This post is a continuation from Part 1 on How Do You Install Electrical Molding. Lately, we have gone through the choice of material.
We will now cover:
Step 1: Prepare for installation
Step 2: Make the cuts
Step 3: Attach the electrical moldings
Step 4: Place the pedestals
Step 5: Pull the cables
Step 6: Connect the devices
Step 7: Make the finishes
Step 1. Prepare for installation
– Start at the right place
If you are installing a new power line:
– Perform the installation from the switchboard.
– Protect it with a circuit breaker of:
– 16 A if it is a lighting circuit or sockets wired in 1.5 mm²;
– 20 A in 2.5 mm².
In the case of an extension: transpose your installation to a junction box.
Good to know: it is possible to start again from a socket to complete the same circuit, as long as the regulatory number of connection points is not exceeded: five for 1.5 mm2 wirings, eight for 2.5 mm2 wirings.
Establish the route
Your electrical moldings can run vertically, horizontally (walls and ceiling), but never at an angle. Make sure they are as discreet as possible.
Locate branches, switches, and outlets
According to the NF C 15-100 standard, switches should be placed at a height of between 80 and 130 cm.
For conventional 16 or 20 A sockets, the axis of the cells (holes) must be at least 5 cm from the finished ground level.
– Draw the location of the moldings that will house your cables.
Caution: before working on your electrical installation, turn off the power!
Step 2. Make the cuts
– Measure the lengths of the molding or baseboard to be installed.
– Leave the covers in place to make the necessary cuts.
– Make the cut with a backsaw, preferably in a miter box, or with a framing saw.
– Make the corner joints either directly at 45° or with straight cuts and with suitable fittings, either inward or outward. Connections are also provided for butt joints.
– Take the precaution of deburring the cuts with a soft file or cutter and remove dust.
Step 3. Attach the electrical moldings
Adhesive bonding is the simplest and fastest method on a smooth surface.
– Degrease the PVC, with methylated spirits for example, before gluing it.
– After unclipping the cover, apply a bead of adhesive sealant in a zigzag pattern to the reverse side of the molding using the cartridge gun.
– Apply the molding to the wall and press down firmly for the time indicated on the glue sealant cartridge, usually 20 to 30 seconds.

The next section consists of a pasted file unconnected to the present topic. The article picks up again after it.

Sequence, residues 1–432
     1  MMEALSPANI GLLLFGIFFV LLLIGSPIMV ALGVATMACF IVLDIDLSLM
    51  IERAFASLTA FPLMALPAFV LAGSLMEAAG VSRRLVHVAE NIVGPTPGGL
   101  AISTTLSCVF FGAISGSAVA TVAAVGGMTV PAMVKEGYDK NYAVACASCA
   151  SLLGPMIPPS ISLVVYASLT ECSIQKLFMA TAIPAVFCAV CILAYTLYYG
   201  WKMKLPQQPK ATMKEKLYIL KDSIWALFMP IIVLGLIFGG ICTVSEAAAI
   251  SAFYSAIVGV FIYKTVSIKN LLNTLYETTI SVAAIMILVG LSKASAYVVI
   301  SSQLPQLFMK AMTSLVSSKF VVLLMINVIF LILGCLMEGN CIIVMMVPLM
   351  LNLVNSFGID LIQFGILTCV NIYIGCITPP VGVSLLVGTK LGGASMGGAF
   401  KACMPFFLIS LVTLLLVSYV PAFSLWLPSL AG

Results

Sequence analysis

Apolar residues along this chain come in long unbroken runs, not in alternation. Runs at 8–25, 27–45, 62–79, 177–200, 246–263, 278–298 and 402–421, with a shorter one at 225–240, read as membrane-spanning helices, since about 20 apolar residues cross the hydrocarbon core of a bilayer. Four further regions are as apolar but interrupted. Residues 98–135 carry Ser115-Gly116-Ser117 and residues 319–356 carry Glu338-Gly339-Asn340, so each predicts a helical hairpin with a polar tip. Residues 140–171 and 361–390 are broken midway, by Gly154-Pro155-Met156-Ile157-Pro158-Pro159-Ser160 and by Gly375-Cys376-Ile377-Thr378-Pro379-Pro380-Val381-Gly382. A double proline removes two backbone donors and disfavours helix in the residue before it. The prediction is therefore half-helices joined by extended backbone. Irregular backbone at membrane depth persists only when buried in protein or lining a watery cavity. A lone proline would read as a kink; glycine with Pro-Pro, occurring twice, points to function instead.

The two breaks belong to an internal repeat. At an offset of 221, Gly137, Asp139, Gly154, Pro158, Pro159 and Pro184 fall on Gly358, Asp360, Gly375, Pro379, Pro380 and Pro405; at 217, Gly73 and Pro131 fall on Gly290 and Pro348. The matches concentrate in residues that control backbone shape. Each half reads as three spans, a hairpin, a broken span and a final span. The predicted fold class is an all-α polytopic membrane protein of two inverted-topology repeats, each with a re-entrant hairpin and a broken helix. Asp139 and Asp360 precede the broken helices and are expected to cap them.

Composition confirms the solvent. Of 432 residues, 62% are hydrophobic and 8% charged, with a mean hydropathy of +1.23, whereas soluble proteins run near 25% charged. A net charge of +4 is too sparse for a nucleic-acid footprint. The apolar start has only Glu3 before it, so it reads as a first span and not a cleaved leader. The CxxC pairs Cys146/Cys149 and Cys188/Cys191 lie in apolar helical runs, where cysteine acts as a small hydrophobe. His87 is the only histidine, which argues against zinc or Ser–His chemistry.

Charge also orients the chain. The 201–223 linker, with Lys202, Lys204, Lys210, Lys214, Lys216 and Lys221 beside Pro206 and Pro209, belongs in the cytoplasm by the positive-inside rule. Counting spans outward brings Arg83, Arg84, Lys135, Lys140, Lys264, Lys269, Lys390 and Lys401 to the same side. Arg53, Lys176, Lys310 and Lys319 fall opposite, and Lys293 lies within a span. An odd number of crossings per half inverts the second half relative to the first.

– If necessary, reinforce the nail fastening at different points.
– Take advantage of this opportunity to place clips to hold the electrical wires at the same time.
Note: Use nails that are suitable for the material: made of hardened steel for concrete, twisted for a better hold in soft materials such as plaster.
Step 4. Place the base plates
– Clip the switch and outlet sockets to the desired locations.
– Use a pencil to mark the fixing points through the holes in the bottom.
– Remove the base to drill and anchor the wall.
– Replace the base and screw it in place.
Step 5. Pull the cables
– Strip the ends of the conductors using the stripping pliers and connect them to your starting point: switchboard circuit breaker or junction box.
– Use the correct wire cross-sections (or conductors) and observe the standard colors: phase in red or black, neutral in blue, earth in yellow/green stripes.
The wiring into a junction box can be done with dominoes or quick-connect strips.
Tip: if you are making several circuits (lighting, sockets, etc.), mark them by wrapping the corresponding wires with adhesive tapes of different colors.
Then unroll your wiring by holding it with clips every 30 to 40 cm.
Depending on the size of your installation and the model of molding, run the wires in the same compartment or unbundle them.
Do not hesitate to multiply the clips to keep the wires inside the moldings. If they stick out a little bit everywhere, you will have trouble making changes in direction (outgoing or incoming angles, branches) and clipping the covers.
Good to know: the NF C 15-100 standard recommends separating high currents (230 V power supply circuits) from low currents (low-voltage lighting, computers, telephone, TV…). They can run in the same molding but in separate compartments.
Step 6. Connect the devices
Before you make your connections, you should know that:
– Power outlets are powered by three conductors: neutral, phase, and ground.
– Purple wire is commonly used for the shuttle, which is easy to distinguish from the others.
– Switches do not connect to the ground. The number of wires required depends on the type of connection: two for single lighting, three for a shuttle, etc.
To make your connections:
– Strip the ends of the conductors using the stripping pliers, over a length of 5 to 6 mm.
– Connect the mechanisms of the devices by screwing the wires into the corresponding terminals with the screwdriver:
Often L (line) for phase, N for neutral.
The ground wire of the sockets is connected to a central terminal marked with an international symbol.
On modern switches, the terminals reserved for the shuttles are generally identified by the numbers 1 and 2.
Step 7. Make the finishes
– Check that your connections are secure.
– Finish assembling the equipment: covers, plugs, switches.
– On the switches, the knob last fits on the mechanism.
– On sockets, by convention, the ground pin of the sockets is placed over the holes (but if you do the opposite, it will still work).
Note: To ensure a perfect joint, the molding covers should be retracted about 10 mm under the switch and socket covers.
Thank you for staying posted on our new blog posts. Hope these two posts (Part 1 & 2) would be of any help to you. Remember to leave your comments below and share these posts with your friends.